35. The Library of Congress began developing Library of Congress Genre/Form Terms for Library and Archival Materials (LCGFT) in 2007, but it was not until May 2015 that the library approved a first set of terms for use with literary works. For more details, see J[anis] Young, "Summary of Decisions, Editorial Meeting Number 15—Genre/ Form Terms for Literary Works (Part I)," Mar. 2, 1015,

36. Sharon M. Leon, "The Jesuit Plantation Project, Redux," paper presented at the 2018 WMQ-EMSI workshop, 5.

37. Leon, "Thinking with Linked Data."

38. "About the Project," GWFPP, accessed Dec. 17, 2018,

39. Erica Cavanaugh, "The George Washington Financial Papers Project: Project Description," paper presented at the 2018 WMQ-EMSI workshop, 8.

40. Popper, Isis 107: 89 (quotation). Jacques Derrida first described the relationship between the archives and feelings in Derrida, Archive Fever: A Freudian Impression, trans. Eric Prenowitz (Chicago, 1996). Ann Cvetkovich explores this relationship more fully in Cvetkovich, An Archive of Feelings: Trauma, Sexuality, and Lesbian Public Cultures (Durham, N.C. 2003). For the legacy of antiquarians, see [Walter Scott], The Antiquary (Edinburgh, 1816). For the work Hannah Mather Crocker wrote on the occasion of gifting her family's books and manuscripts to the American Antiquarian Society, see Crocker, "Antiquarian Researches, Pleasant and Easy by an Original Antiquarian," Mather Family Papers, 1613–1819, box 10, folder 4, American Antiquarian Society, Worcester, Mass; repr. in Observations on the Real Rights of Women and Other Writings, ed. Constance J. Post (Lincoln, Neb., 2011). Washington Irving depicts the early nineteenth-century antiquarian in [Irving], The Sketch Book of Geoffrey Crayon, Gent. (New York, 1819). For an extensive discussion of the figure of the antiquarian in early America, see Lindsay DiCuirci, Colonial Revivals: The Nineteenth-Century Lives of Early American Books (Philadelphia, 2018). For the reanimation of the figure of the antiquarian in twentieth-century American bibliography, see Molly O'Hagan Hardy, "Bibliographic Enterprise and the Digital Age: Charles Evans and the Making of Early American Literature," American Literary History 29, no. 2 (Summer 2017): 331–51.

41. I borrow this formulation from Nicholas Popper because while I discuss current and future archival relationships, he looks back to the pre-romanticized figuring of archival work through an examination of how English statesmen organized their papers in the second half of the sixteenth century. Popper writes that "archivization has been presented as an organic development rather than a strategy for negotiating political wilds, as a rational reflex rather than a learned behavior"; Popper, Isis 107: 89.

42. Matthew G. Kirschenbaum brought a similar question to the fore in "Done," a special cluster of articles in Digital Humanities Quarterly he edited a decade ago, asking, "What is the measure of 'completeness' in a medium where the prevailing wisdom is to celebrate the incomplete, the open-ended, and the extensible?" See Kirschenbaum, "Done: Finishing Projects in the Digital Humanities," Digital Humanities Quarterly 3, no. 2 (2009),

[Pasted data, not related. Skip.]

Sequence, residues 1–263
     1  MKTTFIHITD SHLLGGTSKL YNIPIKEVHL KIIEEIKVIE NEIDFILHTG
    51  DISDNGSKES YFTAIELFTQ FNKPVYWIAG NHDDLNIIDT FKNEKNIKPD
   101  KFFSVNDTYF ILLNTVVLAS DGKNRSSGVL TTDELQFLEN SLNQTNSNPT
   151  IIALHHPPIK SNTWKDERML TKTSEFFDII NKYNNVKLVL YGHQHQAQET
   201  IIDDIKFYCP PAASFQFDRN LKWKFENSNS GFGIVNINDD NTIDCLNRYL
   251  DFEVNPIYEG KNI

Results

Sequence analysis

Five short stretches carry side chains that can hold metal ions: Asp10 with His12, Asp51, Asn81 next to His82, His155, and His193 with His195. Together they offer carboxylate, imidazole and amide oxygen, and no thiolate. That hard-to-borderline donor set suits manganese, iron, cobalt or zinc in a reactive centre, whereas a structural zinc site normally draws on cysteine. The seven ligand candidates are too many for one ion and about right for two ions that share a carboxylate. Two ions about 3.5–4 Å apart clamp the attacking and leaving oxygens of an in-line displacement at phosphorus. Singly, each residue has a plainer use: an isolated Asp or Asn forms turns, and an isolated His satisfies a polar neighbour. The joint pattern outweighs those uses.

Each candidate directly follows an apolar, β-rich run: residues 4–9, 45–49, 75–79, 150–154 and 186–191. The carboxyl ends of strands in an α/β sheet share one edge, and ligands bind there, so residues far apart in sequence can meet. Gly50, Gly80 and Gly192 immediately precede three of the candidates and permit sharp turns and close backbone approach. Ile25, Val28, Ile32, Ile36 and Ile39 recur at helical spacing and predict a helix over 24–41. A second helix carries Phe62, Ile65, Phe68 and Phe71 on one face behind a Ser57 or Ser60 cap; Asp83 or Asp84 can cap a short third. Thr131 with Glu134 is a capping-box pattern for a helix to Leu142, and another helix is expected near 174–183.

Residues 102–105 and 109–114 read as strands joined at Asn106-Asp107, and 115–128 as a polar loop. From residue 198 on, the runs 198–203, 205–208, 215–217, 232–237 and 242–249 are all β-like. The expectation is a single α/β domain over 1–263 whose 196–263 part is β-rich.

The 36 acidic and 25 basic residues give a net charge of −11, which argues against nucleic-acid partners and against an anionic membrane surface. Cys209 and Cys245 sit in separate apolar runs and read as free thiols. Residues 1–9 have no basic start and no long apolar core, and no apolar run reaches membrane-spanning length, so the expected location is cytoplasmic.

43. Arthur Burns, "The Georgian Papers Programme," paper presented at the 2018 WMQ-EMSI workshop, 3.

44. "About the Project," Yale Indian Papers Project, accessed Nov. 30, 2018, (quotation); Protocols for Native American Archival Materials, Apr. 9, 2007, accessed Nov. 27, 2018,; "Code of Ethics Related to Native Americans," National Endowment for the Humanities (NEH), accessed Nov. 27, 2018, For other models of working with indigenous archival materials in the digital environment, see the Traditional Knowledge (TK) Labels provided by Jane Anderson and Kim Christen's Local Contexts, an initiative to support Native, First Nations, Aboriginal, and Indigenous communities in the management of their intellectual property and cultural heritage; "Traditional Knowledge (TK) Labels," Local Contexts, accessed Dec. 20, 2018,

45. Paul Grant-Costa and Tobias Glaza, "Editing the Native Northeast Archives," paper presented at the 2018 WMQ-EMSI workshop, 11.

46. "Mission Statement," Yale Indian Papers Project, accessed Nov. 30, 2018,

47. "Code of Ethics Related to Native Americans," NEH, accessed Nov. 27, 2018,

48. W. W. Greg, "What Is Bibliography?" Library TBS-12, no. 1 (1913): 39–54 (quotation, 42),

49. Jacob Blanck, "Preface," Bibliography of American Literature (New Haven, Conn., 1955), 1: xiv ("escape"), xi ("common").

50. Michael Winship, "Introduction to the Reprint Edition," in Bibliography of American Literature Compiled by Jacob Blanck for the Bibliographical Society of America, vol. 1, Henry Adams to Donn Byrne (New York, 2003), [5].

51. For Brewer's name and Wright's comment on it, see Bibliography of American Literature Papers, 1943–1991, box 34, Houghton Library (HL), Harvard College Library, Harvard University, Cambridge, Mass. For a reprint of Blanck's list, see "The New Bibliography of American Literature," Library Journal 69, no. 12 (June 1944): 549–50.

52. "Letter from Jacob Blanck to Fredson Bowers," June 26, 1946, Bibliography of American Literature Papers, box 32, HL; Fredson Bowers, Principles of Bibliographical Description (Princeton, N.J., 1949).

53. Winship, "Introduction," in Bibliography of American Literature, [4].